PONGAL: Essay Writing


The paddy fields that waved like the waves of a green sea with every gush of wind filling the heart of the farmer with joy have mellowed to a light pale hue. With this have mellowed the generous hearts of the people to Tamil Nadu. Sun god is just ready to have a bit of change in his course bending a little to the North. Winter is just over and harvest season has set in.

The season has made the people busy in the rural Tamil Nadu Men, women, children all would go to the fields to reap the harvest. Well, they have to please the sun god who has been so kind to them. They just wait for the 14th of January to offer cooked rice to the god on the Pongal day. Since rice is to be offered to god how it can be cooked in the Kitchen inside the house. A special arrangement is made to have a big hearth in the courtyard or some other open space to let god too see how enthusiastic the people are to make him offerings.

A couple of days before the festive occasion ladies would clean and decorate the whole house with festoons. It must all be over on ‘Bogi’ the Pongal eve. They would decorate the big earthen vessel too with Kumkum and Swastik. Lo! They are ready for the final call. The eldest or the youngest member of the family is called to fill the pot with rice and water. Yes! Yes! The pongal (cooked rice) is to be prepared for offering to the god – some milk must be added to the water in the vessel. But the people who participate in the process of cooking have to be careful – they have not to tread over the beautiful rangoli that has been designed around the hearth.

Basically Pongal is an agricultural festival. People in the rural area are very enthusiastic. But many have moved to cities. Urbanization is fast spreading in Tamil Nadu. The gap between the rural and urban people has almost disappeared. Naturally Pongal is celebrated with the same joy, pleasure and enthusiasm everywhere in the State. In the border districts Kannads and Andhraites would also share the joy.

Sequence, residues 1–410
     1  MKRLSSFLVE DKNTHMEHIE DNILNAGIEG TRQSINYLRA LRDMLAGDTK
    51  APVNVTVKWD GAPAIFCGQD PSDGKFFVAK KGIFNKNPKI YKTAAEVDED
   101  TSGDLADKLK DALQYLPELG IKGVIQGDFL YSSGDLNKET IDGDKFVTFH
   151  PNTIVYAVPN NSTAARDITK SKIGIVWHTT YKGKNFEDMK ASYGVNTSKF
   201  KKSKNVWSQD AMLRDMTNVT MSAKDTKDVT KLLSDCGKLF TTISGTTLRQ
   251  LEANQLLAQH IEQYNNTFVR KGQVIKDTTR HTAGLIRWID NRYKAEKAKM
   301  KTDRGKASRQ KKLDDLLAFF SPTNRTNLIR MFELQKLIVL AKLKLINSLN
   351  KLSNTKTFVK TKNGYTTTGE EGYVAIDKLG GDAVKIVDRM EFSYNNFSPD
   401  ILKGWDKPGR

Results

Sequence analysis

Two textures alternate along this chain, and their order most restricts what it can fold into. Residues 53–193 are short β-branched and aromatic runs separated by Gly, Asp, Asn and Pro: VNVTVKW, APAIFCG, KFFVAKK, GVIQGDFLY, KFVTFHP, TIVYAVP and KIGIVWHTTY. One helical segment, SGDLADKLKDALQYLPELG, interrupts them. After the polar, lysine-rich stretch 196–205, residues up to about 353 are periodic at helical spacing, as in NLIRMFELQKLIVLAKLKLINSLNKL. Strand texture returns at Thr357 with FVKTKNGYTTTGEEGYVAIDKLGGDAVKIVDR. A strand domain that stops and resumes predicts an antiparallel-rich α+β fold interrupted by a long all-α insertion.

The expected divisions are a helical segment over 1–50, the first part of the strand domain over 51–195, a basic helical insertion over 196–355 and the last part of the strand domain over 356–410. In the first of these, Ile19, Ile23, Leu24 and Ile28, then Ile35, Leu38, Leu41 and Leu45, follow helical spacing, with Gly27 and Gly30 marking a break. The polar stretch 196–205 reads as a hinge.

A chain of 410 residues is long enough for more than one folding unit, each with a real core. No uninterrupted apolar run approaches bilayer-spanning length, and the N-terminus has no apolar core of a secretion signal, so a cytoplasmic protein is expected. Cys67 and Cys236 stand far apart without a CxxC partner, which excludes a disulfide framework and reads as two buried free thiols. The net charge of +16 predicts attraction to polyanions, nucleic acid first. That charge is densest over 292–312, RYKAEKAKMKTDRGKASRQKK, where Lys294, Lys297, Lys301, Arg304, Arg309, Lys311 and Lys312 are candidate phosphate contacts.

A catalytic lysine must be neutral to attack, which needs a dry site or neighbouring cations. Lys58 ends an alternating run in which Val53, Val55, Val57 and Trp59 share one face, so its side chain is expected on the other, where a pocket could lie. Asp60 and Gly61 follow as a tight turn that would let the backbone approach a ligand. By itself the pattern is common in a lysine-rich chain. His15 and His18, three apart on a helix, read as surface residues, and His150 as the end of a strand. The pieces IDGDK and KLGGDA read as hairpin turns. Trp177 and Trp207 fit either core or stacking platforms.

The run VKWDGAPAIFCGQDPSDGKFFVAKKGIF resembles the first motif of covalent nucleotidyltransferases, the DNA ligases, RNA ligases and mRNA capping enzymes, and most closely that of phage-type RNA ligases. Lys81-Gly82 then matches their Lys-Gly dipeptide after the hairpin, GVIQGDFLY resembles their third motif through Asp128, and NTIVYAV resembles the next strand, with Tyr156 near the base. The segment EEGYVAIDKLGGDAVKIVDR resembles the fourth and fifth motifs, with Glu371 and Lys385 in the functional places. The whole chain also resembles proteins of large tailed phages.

Gujaratis, throughout the State would send kites towards the Sun god the same day and would name the festive day as Uttarayan. In the North and Maharashtra it is ‘Makar Sankranti’ when the Sun alters the planetary zone of Makar. They would distribute and share with others coconut and sugar – bright white things – as white as the rays of Sun god. A day earlier Punjab would celebrate Lohri with the evergreen Bhangra dance around a bonfire like that of Holi.

It is Pongal morning. Young and old all have taken bath in rivers, lakes or even on wells in the villages. A gay day for the children. They have new clothes. No! No! Don’t compare it with Diwali of the North. Diwali is no more a monopoly of the North. It is now celebrated with all the fanfare in all the states of the South too. But Pongal is Pongal after all. It is the most important festival of Tamil Nadu.

The evening approaches. People have met – eaten rice together-distributed rice among the rich and the poor alike. A little tired they would go to bed dreaming of the festivities of the third day. The day dawns on the ‘Mattu’ Pongal. It is the day to honour the cattle world that has helped the farmer to grow and harvest paddy. Cows, bullocks and their kins are decorated in different hues – bells ringing around their graceful necks.

‘Muttu’ Pongal – there must be bull fights and races too. Rural folks would enjoy the fun the whole day before the Sun sets. The victors are happy – the losers have consolation. The three days that had brought so much of happiness would be drowned in the approaching night with dreams of the next Pongal for which they would wait for full one year.

But before they go to bed how they can forget their companions. The rich would show their generosity by distributing money whole heartedly among their employees. The married girls won’t be forgotten. They too get their presents – beautiful clothes and cosmetics from relatives. All are blessed before the Sun god changes its course and prepares ‘Indra’, the god of rains to visit the earth again in a couple of months.